Last week, one of my music ed majors was in my classroom sobbing, trying not to call attention to herself. I approached her and asked what was… Read more “Episode 8: On Belonging with Kathy Augustine”
Our very existence is threatened annually, and we cry out at the inequity of the threat, and yet many continue to only value the talented ones. You may be thinking, “This isn’t true though!” but I urge you to sit down with a big group of music educators and listen. Listen carefully, because once your eyes and ears are open to the exclusionary trends within this field, you will notice more and more that what we often do is segregate our own students into the talented and supported versus the “untalented” and underrepresented, whether we do it intentionally or not, it is there.
the thing about this homeroom time is that teachers are supposed to use this time to remediate students who are struggling. But some of my students were never being requested by anyone, even though they were failing nearly every class. Two of them completely failed 9th grade by the end of the year. I tried so much to reach these students last year, but nothing worked….
Either way, after mulling it over and over and over and over, I ended up turning the job down in favor of my current position. I spent so much of the summer fearing what might come…. And when I said, “You did an incredible job today!” They said “We can still do better.”
Today, in my classes, we will be playing music and sending love, as we always do. But today, we will be directing our love to the families and victims in Orlando. I urge you today to do what you can in your own lives to send love, to show your support to those who need it, and to fill the world with music, love, and pride.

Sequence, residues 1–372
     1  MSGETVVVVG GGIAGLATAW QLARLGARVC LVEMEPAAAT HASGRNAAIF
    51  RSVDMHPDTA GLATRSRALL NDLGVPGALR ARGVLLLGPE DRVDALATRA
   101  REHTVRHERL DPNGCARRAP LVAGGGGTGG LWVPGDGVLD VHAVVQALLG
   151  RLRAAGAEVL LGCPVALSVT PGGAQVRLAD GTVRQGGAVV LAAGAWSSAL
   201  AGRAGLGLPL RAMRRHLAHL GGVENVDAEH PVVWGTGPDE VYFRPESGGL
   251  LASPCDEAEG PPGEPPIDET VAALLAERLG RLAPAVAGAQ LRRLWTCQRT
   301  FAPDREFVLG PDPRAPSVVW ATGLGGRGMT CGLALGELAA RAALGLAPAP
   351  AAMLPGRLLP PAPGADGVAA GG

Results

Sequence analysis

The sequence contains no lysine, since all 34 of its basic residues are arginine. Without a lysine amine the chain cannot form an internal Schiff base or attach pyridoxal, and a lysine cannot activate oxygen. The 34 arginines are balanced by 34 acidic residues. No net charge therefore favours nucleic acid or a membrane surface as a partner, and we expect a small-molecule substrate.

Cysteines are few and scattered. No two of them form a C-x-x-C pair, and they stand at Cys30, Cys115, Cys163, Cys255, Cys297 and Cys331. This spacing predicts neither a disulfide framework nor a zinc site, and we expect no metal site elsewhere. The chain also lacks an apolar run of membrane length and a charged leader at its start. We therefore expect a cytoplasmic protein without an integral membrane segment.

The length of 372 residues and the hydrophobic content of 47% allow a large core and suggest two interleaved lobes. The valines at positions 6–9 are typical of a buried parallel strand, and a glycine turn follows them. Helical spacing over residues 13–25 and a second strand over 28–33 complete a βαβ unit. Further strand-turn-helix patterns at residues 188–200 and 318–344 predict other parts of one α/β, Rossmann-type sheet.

Ever since learning about Critical Pedagogy, I have done everything I could do put it into practice. Let me tell you… The results have been out of this world…
The third school that really struck me was the most frustrating. It was a group of students from a poor school. So many of their issues had to do with crummy instruments, an unfortunate lacking of a bass player, and just poor circumstances. This was really ugly and frustrating. And so… I decided to write about it…
In some cases, the students even were able to re-define themselves instead of as “criminal,” into “musician.” One of the inmates even said, “Instead of getting in trouble, just sitting there and play tunes, and stuff.” One student was so effected that he went so far as to dream about “helping out in the community, yeah. Helping other people learn music. Yeah, teach them,”
Just yesterday, I read an article on all state musicians’ attitudes toward majoring in music education. It was a really great article and led me to some… Read more “Qualified or Able: A Music Ed Advocate’s Struggle”
Today I will be looking at Elpus & Abril’s article on High School music ensemble students. Elpus, Kenneth and Carlos R. Abril. “High School Music Ensemble Students… Read more “Demo of High School Music Students – Article Summary”